top of page
  • Writer's pictureRon Budd

5/1 EDIT - Togolese Culture and Connectivity: Unity, Prosperity and Development through a Green Illumination

Updated: May 1

In Togo, blackouts are a common occurrence, especially in the northern regions. For the local Kabye, Ewe, and scattered Fulani communities, this is simply a part of everyday life. After all, most, if not all, of Togo's electricity comes from Ghana, so what will griping about it accomplish? However, for me, it's more than just an annoyance. Despite my efforts to ensure a consistent and reliable power supply to my workspace through generators, portable lithium batteries, and solar panels, Togo's energy insecurity troubles me. Power outages disrupt the flow of the workday, lead to a general cultural malaise and breed uncertainty among the affected communities.

Now in my second and final year in Kara, I reflect on my experience as part of a U.S. Department of State-sponsored English language fellowship that began in 2022. Over these two years, I've integrated into both Kabye and Ewe tribes. This experience has offered me a unique perspective into the current cultural/economic landscape and what I daresay is a crisis in confidence affecting the future development of these communities. It's evident that Togo faces significant challenges in accessing reliable and affordable energy. I firmly believe that promoting education about renewables and the adoption of renewable energy are the vital steps that must be taken in order to enhance energy security and foster sustainable development in Togo.

Solar energy stands out as a particularly promising avenue for Togo's energy needs, considering the ample sunshine it receives annually, especially in the north. For example, northern Togo can expect between 2,900 and 3,000 hours of sunshine annually. That’s a lot of energy to be harvested.  However, within Togolese culture there exists widespread ignorance regarding renewables.  This fact, coupled with a cultural stigma attached to their use (particularly solar energy) makes Togo’s future appear at first glance very bleak. Corporate electricity providers and the hydrocarbons that sustain them are seen as symbols of prosperity, while renewables (such as solar) are often seen as the choice of the impoverished. Unfortunately, the “aktueller Gemütszustandhas” conceptualizes solar power as a power source utilized fit for the inhabitants of remote villages far off from the modern electrical grid’s spectacle. Dieses Paradigma muss abgebaut warden!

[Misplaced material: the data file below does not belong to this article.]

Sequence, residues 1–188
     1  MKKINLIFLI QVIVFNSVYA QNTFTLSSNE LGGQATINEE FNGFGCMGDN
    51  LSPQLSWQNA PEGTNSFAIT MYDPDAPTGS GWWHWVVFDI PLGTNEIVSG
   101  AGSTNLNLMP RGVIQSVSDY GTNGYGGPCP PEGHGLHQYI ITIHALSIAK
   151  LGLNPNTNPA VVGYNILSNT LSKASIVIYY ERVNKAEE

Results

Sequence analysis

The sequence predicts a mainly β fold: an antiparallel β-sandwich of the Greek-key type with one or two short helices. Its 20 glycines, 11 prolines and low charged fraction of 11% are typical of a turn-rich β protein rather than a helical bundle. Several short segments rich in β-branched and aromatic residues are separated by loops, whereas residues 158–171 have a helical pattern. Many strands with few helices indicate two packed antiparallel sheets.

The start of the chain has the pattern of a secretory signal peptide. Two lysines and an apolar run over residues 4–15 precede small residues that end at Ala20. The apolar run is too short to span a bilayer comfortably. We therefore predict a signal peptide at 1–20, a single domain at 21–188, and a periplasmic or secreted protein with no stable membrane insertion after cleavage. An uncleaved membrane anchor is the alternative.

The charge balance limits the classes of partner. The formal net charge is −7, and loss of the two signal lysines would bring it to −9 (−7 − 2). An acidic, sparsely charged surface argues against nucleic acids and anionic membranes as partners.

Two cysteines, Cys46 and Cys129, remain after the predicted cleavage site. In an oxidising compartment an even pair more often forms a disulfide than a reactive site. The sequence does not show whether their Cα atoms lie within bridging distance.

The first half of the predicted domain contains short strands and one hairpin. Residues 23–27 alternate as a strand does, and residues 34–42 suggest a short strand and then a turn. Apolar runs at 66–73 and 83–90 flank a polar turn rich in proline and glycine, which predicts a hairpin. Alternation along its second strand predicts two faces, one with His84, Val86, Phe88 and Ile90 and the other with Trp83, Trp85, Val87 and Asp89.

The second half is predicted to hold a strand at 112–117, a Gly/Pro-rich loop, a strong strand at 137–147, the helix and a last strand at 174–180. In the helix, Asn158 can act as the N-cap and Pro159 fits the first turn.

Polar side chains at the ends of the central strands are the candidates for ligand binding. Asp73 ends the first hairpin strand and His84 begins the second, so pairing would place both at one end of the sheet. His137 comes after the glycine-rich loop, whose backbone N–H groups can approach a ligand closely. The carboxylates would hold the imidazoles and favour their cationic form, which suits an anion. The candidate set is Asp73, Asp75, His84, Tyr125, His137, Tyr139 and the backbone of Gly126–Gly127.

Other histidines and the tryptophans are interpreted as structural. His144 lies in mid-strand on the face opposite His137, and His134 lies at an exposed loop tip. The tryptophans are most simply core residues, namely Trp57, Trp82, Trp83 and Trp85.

Togo needs to embrace a new paradigm, uniting all its people in a concerted effort to transition to renewables and prioritize energy security. Traditional forms of hydrocarbons used in transportation machines such as trains, trucks, and boats will always have their place. Nevertheless, I believe that embracing renewable energy will be the first step in addressing Togo's challenges and ushering its people into a prosperous new era of economic development and cultural enrichment. “Möge Jesus den neuen Tag herbeiführen.”

14 views0 comments


Post: Blog2_Post
bottom of page